It’s 5.07am and through the darkness, the boy announces that he is awake and eager to begin his day.
I force myself into an upright position, offer Jen money to get up instead of me, lollop into his bedroom and discover, to my absolute horror that he is sitting upright, both hands on the railing of his cot with one foot poised and ready to launch him over the top of it. An intravenous drip full of triple-caffeinated freshly ground Javanese coffee couldn’t have woken me up better than this terrifying moment when I discovered my son is developing faster than I imagined possible. It struck us that the baby we have loved since the second he was a clear blue confirmation is as far removed from being a baby as it’s possible to be. It feels as though he’s decided that there’s no need to learn how to crawl as he’d much rather run. Our home , of which we were once so proud, now resembles a testing centre for toy and food manufacturers because our son wants to interact and chew on everything in sight .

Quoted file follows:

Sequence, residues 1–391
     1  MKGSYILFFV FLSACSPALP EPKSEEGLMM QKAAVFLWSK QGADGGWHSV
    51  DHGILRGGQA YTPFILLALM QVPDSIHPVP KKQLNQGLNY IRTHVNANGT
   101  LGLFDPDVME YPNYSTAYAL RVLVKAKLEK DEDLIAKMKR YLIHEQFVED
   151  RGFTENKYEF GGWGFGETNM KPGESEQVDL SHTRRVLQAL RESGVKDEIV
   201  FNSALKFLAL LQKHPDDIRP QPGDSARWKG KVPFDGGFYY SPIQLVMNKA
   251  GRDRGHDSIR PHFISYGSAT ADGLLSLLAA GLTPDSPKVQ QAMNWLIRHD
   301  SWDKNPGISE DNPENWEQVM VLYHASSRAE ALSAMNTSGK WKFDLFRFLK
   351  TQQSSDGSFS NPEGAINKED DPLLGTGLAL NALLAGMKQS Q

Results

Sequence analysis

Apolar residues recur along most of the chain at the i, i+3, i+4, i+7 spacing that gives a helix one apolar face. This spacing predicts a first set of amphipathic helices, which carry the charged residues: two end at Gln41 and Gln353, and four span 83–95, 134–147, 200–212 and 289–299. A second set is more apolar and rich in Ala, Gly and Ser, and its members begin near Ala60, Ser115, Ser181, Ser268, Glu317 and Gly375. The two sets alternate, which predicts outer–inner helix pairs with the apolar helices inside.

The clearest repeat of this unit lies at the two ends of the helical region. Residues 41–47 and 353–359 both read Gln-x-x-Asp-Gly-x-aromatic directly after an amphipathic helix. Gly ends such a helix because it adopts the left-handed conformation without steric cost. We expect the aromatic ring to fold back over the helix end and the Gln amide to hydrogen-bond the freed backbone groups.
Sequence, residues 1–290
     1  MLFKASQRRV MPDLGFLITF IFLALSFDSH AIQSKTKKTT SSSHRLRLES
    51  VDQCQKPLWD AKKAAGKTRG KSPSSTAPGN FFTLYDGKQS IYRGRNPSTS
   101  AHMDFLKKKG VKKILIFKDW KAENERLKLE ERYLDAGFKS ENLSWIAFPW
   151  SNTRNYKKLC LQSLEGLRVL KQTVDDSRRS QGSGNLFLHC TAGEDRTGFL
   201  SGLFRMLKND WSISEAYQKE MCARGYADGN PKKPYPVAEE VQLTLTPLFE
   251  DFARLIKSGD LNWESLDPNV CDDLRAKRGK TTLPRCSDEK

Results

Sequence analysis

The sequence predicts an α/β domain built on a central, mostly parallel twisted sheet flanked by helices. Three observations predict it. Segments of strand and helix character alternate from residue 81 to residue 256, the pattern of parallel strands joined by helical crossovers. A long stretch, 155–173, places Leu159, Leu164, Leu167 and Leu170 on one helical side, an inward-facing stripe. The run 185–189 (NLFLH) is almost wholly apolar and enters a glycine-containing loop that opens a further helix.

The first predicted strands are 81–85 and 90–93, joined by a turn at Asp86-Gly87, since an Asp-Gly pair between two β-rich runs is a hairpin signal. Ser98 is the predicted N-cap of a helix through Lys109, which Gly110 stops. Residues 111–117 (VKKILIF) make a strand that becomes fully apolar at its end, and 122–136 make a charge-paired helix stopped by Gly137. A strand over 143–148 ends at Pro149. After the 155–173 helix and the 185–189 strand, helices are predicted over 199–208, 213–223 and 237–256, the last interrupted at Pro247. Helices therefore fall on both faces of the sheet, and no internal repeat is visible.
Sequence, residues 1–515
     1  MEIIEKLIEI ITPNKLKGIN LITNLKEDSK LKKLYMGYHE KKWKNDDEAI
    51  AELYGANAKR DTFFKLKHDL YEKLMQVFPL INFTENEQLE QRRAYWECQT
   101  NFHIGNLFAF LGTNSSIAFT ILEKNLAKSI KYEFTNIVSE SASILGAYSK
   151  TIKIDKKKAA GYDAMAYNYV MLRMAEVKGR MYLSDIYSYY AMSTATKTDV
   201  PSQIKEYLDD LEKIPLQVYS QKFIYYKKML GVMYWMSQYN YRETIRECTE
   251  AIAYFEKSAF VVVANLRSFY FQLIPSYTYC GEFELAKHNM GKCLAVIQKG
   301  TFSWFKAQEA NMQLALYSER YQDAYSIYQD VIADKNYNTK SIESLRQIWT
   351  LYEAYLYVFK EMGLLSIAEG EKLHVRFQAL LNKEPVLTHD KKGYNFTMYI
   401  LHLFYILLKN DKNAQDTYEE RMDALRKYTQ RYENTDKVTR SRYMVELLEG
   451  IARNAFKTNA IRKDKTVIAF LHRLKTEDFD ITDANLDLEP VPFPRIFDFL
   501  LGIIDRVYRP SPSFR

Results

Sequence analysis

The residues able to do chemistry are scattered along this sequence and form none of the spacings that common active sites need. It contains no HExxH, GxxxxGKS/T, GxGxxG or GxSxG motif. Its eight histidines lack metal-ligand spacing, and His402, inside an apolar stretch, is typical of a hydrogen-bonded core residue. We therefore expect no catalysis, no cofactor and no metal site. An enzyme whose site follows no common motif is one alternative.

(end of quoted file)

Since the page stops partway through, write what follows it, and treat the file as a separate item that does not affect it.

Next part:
Tom’s outlook on life reminds me a lot of Neil Armstrong’s famous words as he climbed out of Apollo 11. One small step for Tom is a giant life-changing leap for his entire family who are so proud of his progress that we no longer interact with each other if the boy is with us.
The number of unfinished conversations I’ve had since Tom arrived has now become impossible to calculate. Even if it was something important, the moment would pass like this “Ben, there’s an extremely urgent message for you from . . . did you just see what Tom just did?” And suddenly any message becomes the exact opposite of urgent. There are books and leaflets and millions of suggestions by a million different people about how to raise a child but what I am beginning to understand is that I am no longer the teacher, I am the student and my son is in charge of each new situation. I’m not complaining though because the view I get of the world around me thanks to Tom is even better than Neil Armstrong’s.